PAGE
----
Because our statistical methodology permitted the repetition of the regression model twice in each age group, it increased the risk of type 1 error. Accordingly, a Bonferroni correction of p < 0.025 (0.05/2) for the Poisson regression models with robust variance and p < 0.0125 (0.05/4) for an additional simple main effect test was applied. All statistical analyses were performed using IBM SPSS Statistics version 25.0 (IBM Corporation, Armonk, NY, USA).
Of the 21,300 questionnaires sent, 9,250 were returned, resulting in a response rate of 43.4%, of which 49 responses consisted of uncertain data (e.g., completely invalid data). In addition, we excluded individuals aged < 20 years (n = 281) and those who did not answer their SES and dietary information (n = 175). Finally, a total of 8,464 participants, including 2,185 young adults (mean age 31.2 ± 5.6 years, 61.4% women), 3,008 middle-aged adults (mean age 52.0 ± 7.1 years, 55.6% women), and 3,271 older adults (mean age 75.0 ± 6.6 years, 54.6% women) were included in the analysis. Table 1 shows the sociodemographic characteristics of participants by age group.
Overall, there were no major differences in the percentage of individuals with poor SFS among the three age groups. However, educational attainment was found to be lower in older adults (60.3%) compared to young (17.7%) and middle-aged adults (29.7%). Additionally, the percentage of participants with unhealthy dietary habits (i.e., a low frequency of balanced meal consumption and skipping breakfast) tended to be higher in the young and middle-aged adult groups.
Table 2 shows the results of the Poisson regression models, which were used to examine the interactive effects of educational attainment and SFS on skipping breakfast, while adjusting for covariates, among the three age groups. The regression models revealed that lower educational attainment among young and middle-aged adults was significantly associated with a higher prevalence rate (PR) for skipping breakfast (PR: 1.20; 95% CI: 1.04, 1.39; p = 0.014; and PR: 1.44; 95% CI: 1.25, 1.66; p < 0.001, respectively) compared to higher educational attainment, but not poor SFS and no significant interactive effect was observed. Among older adults, lower educational attainment and poor SFS were significantly associated with a higher PR for skipping breakfast (PR: 1.29; 95% CI: 1.04, 1.60; p = 0.020; and PR: 1.61; 95% CI: 1.18, 2.19; p = 0.002, respectively) without any interaction.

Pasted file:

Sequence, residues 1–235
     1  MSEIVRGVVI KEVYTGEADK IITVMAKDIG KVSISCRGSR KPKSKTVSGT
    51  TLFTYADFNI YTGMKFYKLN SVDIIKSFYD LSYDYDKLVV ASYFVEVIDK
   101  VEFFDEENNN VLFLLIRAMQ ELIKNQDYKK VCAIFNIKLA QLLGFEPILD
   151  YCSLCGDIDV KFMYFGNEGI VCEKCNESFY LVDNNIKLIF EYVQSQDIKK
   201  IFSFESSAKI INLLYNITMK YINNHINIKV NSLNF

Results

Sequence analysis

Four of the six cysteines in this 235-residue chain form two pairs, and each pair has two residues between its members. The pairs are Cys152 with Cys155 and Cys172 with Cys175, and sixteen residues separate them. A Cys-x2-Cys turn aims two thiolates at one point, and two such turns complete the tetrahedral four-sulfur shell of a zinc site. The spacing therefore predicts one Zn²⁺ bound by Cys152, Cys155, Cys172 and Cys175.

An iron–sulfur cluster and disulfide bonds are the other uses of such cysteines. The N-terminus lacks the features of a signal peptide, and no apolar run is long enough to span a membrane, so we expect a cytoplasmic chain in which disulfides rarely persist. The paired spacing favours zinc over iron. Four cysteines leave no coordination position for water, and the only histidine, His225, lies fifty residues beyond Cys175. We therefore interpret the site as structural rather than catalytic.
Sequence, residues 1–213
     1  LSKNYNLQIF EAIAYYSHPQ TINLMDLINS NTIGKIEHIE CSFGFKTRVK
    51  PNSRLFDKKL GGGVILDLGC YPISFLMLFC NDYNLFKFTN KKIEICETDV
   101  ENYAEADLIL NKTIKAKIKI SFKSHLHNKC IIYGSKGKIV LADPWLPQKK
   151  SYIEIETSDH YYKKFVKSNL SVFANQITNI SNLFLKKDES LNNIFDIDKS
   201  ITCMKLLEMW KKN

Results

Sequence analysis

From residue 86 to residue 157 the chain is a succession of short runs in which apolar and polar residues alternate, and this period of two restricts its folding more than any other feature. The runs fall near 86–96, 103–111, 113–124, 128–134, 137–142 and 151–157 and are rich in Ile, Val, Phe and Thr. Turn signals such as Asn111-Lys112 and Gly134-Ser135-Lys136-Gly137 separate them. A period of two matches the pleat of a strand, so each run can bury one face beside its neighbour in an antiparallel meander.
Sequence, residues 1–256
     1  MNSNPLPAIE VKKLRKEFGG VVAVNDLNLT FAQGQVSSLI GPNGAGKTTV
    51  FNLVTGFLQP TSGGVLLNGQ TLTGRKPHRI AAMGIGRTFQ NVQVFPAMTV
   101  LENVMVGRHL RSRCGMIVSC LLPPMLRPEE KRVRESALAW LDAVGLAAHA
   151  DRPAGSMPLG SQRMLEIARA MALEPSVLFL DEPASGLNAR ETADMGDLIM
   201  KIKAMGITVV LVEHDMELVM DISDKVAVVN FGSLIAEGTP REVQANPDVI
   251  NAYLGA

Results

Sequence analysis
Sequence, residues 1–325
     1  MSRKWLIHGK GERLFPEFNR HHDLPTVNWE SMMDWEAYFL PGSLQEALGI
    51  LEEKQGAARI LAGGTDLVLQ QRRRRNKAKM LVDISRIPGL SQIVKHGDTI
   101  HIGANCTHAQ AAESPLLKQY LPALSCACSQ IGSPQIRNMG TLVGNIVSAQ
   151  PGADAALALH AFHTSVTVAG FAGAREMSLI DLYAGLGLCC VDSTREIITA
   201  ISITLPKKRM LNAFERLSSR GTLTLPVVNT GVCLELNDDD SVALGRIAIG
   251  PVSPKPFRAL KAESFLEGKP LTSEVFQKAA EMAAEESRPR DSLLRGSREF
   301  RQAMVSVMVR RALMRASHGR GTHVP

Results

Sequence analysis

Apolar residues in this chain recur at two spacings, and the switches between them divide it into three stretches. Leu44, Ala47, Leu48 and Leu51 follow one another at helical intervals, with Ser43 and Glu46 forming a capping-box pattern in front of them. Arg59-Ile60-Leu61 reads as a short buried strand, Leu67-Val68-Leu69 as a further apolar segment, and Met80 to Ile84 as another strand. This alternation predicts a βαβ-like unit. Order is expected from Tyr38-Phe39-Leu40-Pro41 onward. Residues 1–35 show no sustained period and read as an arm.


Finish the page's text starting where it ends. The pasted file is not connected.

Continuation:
Table 3 shows the results of the Poisson regression models examining the association between SES and low frequency of balanced meal consumption across the three age groups. Among young adults, a low frequency of balanced meal consumption was significantly associated with a higher PR for poor SFS compared to moderate SFS (PR: 1.10; 95% CI: 1.02, 1.19; p = 0.017). Middle-aged adults with lower educational attainment showed a significant association with a higher PR for low frequency of balanced meal consumption compared to those with higher educational attainment (PR: 1.17; 95% CI: 1.06, 1.28; p = 0.001). For older adults, both lower educational attainment (PR: 1.31; 95% CI: 1.12, 1.52; p = 0.001) and poor SFS (PR: 1.76; 95% CI: 1.43, 2.17; p < 0.001) were significantly associated with a higher PR for low frequency of balanced meal consumption, with a significant interaction (p < 0.001). Simple main effect tests, stratified by each factor (Fig. 1), revealed that among the moderate SFS group, a significantly higher PR for low frequency of balanced meal consumption was found in the lower educational attainment group (Ref: higher educational attainment; PR: 1.30; 95% CI: 1.11, 1.52; p = 0.001). Furthermore, among the higher educational attainment group, the poor SFS group was associated with significantly higher PRs for low frequency of balanced meal consumption (Ref: moredate SFS group; PR: 1.71; 95% CI: 1.38, 2.12; p < 0.001).
Sensitivity analyses were performed using complete-case data of 8,464 participants (2,185 young adults aged 20–39 years; 3,008 middle-aged adults aged 40–64 years; 3,271 older adults aged 65 years or older; Table S1). The robustness of the findings was confirmed by comparing the results with the analysis outcomes of the complete-case data, excluding those with missing values.